After two nights in 'Pana' we went to San Marcos, a small and very quiet 'hippie' town known for its meditation courses. We had a nice hotel on the lake and rented kayaks one morning (kayaking is only possible in the morning; the wind in the afternoon is too strong to kayak) and a great restaurant called 'Blind Lemons', owned by a retired American, where we watched American football while eating a burger.

Funny enough the towns near the lake are full of foreigners (extranjeros or 'Gringos') who decided to retire (sometimes very early) here and often started a restaurant or cafe. We had some great Japanese and American food, and found a funny coffee bar in Panajachel called 'Cafe Loco' which is ran by a Korean who makes amazing coffees. When people want a change from tortillas with beans, foreign food is always nearby in Guatemala.

San Pedro
San Pedro, another town on lake Atitlan, is known for its Spanish schools. The school where we took our lessons was la escuela Cooperativa. They offer a combination of private lessons with homestay (staying with a local family) for $200 per week, per person. We decided to take the unique experience and see where we would end up!

Sunday, we went to the school to register and we got picked up by our host family: familia Alejandra, who we called madre (mother). She lives in San Pedro with her husband and two kids, who are normally in Xela, another city in Guatemala attending university. Since it was vacation for them they also stayed in San Pedro. The son loved to talk about football - he likes Ajax :) - and the father was full of stories about his work as a doctor and the development of Guatemala. The family has had estudiantes from the school for over 10 years, and everyone in the town knows them! 

The family was extremely friendly. Alejandra cooked breakfast, lunch and dinner for us every day - always with homemade tortillas! They get the corn themselves from the plantations in the mountains, then dry them on the roof and make tortillas out of them. In a few weeks during the dry season, they get all the corn for one full year! The homemade tortillas were DELICIOUS!

The family didn't speak any English, which was a good practice of our Spanish. At the school we had 4 hours private lesson per day, in a beautiful garden with amazing - sometimes a bit distracting - view over the lake. The lessons were in the morning (8-12) and in the afternoon we would chill by the lake, bike to a nearby town (quite a challenge in these mountains and bad roads) or just chill in a coffee place.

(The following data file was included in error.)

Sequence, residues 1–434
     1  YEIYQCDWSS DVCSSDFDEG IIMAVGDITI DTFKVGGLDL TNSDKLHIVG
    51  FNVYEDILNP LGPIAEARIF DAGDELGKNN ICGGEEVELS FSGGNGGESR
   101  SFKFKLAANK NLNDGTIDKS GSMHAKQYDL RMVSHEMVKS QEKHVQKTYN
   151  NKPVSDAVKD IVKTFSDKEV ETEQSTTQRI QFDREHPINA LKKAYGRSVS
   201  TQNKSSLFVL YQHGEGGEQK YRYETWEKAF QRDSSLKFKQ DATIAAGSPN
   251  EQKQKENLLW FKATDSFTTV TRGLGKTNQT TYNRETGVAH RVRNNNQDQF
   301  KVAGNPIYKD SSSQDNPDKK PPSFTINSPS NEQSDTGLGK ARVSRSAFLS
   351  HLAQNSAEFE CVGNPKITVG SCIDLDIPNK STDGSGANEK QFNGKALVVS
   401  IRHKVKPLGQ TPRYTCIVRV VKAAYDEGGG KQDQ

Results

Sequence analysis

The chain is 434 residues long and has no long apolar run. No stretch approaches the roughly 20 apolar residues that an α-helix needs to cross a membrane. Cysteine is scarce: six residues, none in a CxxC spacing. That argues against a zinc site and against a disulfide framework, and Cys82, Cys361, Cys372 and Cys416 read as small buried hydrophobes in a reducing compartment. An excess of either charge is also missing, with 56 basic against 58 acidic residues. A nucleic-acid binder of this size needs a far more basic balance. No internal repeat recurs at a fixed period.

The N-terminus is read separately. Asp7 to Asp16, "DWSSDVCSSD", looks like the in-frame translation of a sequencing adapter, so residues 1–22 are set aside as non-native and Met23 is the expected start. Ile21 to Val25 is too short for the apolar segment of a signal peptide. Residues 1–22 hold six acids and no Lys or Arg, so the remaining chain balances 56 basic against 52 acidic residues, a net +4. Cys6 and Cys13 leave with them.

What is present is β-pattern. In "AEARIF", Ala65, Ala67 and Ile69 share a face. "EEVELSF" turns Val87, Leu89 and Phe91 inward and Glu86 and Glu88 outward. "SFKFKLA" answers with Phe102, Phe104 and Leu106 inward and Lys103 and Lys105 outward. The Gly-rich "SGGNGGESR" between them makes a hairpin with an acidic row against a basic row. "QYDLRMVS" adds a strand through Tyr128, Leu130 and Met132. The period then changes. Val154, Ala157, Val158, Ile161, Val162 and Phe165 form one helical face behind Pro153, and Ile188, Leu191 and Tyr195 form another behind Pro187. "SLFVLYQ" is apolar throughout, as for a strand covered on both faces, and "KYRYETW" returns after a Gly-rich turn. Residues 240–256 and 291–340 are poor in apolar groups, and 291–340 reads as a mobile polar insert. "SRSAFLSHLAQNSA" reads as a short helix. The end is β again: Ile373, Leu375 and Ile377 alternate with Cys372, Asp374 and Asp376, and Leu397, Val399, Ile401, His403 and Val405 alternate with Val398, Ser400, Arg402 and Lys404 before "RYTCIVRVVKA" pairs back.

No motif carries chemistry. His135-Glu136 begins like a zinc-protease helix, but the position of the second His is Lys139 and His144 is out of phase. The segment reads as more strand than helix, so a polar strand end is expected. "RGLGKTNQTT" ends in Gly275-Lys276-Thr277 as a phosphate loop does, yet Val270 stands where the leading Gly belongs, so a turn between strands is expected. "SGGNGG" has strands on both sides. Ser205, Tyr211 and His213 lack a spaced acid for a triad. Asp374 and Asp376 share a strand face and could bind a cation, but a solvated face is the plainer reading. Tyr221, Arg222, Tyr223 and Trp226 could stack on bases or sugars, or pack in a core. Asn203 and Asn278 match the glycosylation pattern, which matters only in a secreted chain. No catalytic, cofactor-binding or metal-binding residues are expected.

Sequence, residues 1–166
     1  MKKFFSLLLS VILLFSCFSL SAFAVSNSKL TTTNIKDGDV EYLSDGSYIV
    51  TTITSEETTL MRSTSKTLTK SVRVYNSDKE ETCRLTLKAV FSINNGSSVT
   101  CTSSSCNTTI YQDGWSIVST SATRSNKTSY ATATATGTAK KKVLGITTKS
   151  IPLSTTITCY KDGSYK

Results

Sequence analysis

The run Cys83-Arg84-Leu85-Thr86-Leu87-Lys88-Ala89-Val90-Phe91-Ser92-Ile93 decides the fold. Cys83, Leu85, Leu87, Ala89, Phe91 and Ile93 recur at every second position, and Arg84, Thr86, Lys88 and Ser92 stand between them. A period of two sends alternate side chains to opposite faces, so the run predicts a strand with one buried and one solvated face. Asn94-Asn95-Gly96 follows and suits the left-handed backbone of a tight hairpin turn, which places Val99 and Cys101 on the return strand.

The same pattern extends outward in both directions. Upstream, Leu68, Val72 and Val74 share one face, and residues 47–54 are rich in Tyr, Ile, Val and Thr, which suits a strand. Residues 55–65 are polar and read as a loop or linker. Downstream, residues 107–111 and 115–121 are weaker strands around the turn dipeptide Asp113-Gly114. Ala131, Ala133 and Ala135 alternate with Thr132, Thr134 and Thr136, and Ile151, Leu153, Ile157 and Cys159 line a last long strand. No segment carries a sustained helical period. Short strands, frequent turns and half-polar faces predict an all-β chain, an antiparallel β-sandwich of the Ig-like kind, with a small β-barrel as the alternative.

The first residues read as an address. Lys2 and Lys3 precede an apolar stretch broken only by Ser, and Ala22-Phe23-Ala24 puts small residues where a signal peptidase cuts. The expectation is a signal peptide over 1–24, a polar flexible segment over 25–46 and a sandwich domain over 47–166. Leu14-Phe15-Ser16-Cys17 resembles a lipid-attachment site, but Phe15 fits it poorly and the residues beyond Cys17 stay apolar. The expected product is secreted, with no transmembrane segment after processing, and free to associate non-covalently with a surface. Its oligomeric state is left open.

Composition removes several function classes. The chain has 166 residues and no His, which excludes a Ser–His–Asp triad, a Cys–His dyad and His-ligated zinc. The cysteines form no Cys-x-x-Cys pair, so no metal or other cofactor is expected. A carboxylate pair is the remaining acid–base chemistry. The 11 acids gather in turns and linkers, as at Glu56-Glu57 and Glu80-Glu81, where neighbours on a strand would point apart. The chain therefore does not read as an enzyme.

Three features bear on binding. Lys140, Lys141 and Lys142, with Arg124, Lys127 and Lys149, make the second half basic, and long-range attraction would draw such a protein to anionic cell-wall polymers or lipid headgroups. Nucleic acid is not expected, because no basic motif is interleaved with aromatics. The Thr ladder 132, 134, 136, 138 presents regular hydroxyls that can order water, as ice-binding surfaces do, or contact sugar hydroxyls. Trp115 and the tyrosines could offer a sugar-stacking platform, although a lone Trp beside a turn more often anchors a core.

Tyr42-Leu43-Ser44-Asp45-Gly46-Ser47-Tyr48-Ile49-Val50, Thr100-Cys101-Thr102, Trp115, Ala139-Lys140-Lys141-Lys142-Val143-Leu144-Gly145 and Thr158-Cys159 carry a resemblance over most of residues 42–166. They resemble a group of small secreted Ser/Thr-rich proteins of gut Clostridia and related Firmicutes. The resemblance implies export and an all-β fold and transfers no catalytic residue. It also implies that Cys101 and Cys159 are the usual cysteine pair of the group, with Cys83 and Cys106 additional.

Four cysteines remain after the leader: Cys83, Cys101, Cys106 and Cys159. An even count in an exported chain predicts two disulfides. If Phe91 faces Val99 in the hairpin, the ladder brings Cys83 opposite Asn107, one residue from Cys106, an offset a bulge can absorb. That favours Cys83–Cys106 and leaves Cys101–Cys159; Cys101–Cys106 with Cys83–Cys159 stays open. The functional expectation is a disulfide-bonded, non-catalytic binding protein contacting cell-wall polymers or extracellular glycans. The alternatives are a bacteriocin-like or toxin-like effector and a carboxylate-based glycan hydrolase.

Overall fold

Alejandra making tortillas the authentic way

Mais for one year!! 

Our teachers.. we spent 4 hours a day talking to them in Spanish last week! 

Final days in Guatemala

Our school finished on Friday, so on Saturday we took a bus to Antigua. Another typical adventure was about to happen.. after a delay (probably the busdriver overslept, he was 30 minutes late and we were the first passengers he had to pick up) and filling the bus with passengers in San Pedro and San Marcos, the bus went uphill through the curvy mountain roads towards the highway to Antigua for about 45 minutes. When we almost reached the highway, the engine overheated..

It appeared that the cover of the cooling fluid was gone, and no one had cared to put one back on - so after driving on bumpy roads there was no more cooling fluid. A mechanic came who put about 10 liters of water into the cooling system, but the engine kept denying.. after a delay of almost 2 hours in the middle of nowhere, another bus finally came and brought us to Antigua, where we had lunch with Mario and drove to Guatemala City. And because it was our final weekend in Guatemala, we wanted to end it in style.. we went to a show with Dutch DJ Hardwell this Saturday night! Guatemala knows how to party !!!

Representing the Netherlands :)

After 4 amazing weeks in Guatemala, we will leave to Honduras to continue our travels. Guatemala has been a fantastic adventure, and we can recommend everyone to go there. People are extremely friendly, the nature is gorgeous, the climate is fantastic and the coffee is delicious! Last but definitely not least, a giant THANKS to our friend Mario and his family for their hospitality and showing us their country! 

Friday, January 10, 2014

How to get a hot shower

In Central America, many houses don't have a boiler or heating system - it simply isn't needed with year-round hot temperatures in this region. But, a warm shower every now and then is very much appreciated.. So what do you do? Simple, you heat the water inside the shower, all you need is 2 electrical wires!

Tuesday, January 7, 2014

Guatemalan adventures part 3: Volcanoes!!

In Central America, lots of volcanoes can be found. In Guatemala alone there are around 36.5 volcanoes (the exact number depends on who you ask), out of which a few are still active and many continuously blow smoke. Some inactive volcanoes have beautiful lakes in the crater. Most cities are right next to one or more volcanoes - which already makes for a beautiful scene - and one of the most popular tourist attractions here is climbing volcanoes. Having never really seen a volcano before (that's Daniel), climbing a volcano was on top of our to-do list here :)

The first volcano we climbed was during Christmas: volcano 'Ipala' which is all the way in the south of Guatemala - next to Asuncion Mita (where we celebrated Christmas). The climb up took about 45 minutes and was do-able but pretty warm.. what a change at the top - suddenly there was a lake, and a strong wind made it very chilly! Clouds literally sheered past us right in front of us. This volcano has been inactive for a long time, which is why it's full of plantation on the slope.

Wind!!! And a big lake in the crater!

On 31 December we climbed volcano Pacaya, which is the most popular active volcano in Guatemala to climb: it's only 1 hour away from Antigua and a 1.5-hour climb, which is not a lot compared to some volcanoes that take 5-8 hours to climb. This volcano is more 'volcano-like' than Ipala: the way up is mostly a black sand (ash) path. From the start, a few men with horses walk with you to wait for the ones that don't make the climb and pay a small fee to reach the top on a horse (AKA taxi). Luckily we were both able to make it. The view from the volcano was truly amazing! Unfortunately we didn't see any lava.. But there were some "sauna" holes which you can get in and feel the heat from the volcano!

The walk up!

Sauna hole! 

Volcano sunset, unfortunately with lots of clouds!

We are currently near lake Atitlan, one of the most beautiful places we've ever seen. It is the deepest lake in Central America surrounded by, guess what, 3 other volcanoes, which makes for an amazing view!!

We will stay here for one more week to attend a Spanish school while we stay at a family (homestay) so we can get the full experience. Indeed, the family doesn't speak English! More about that experience in a next blog!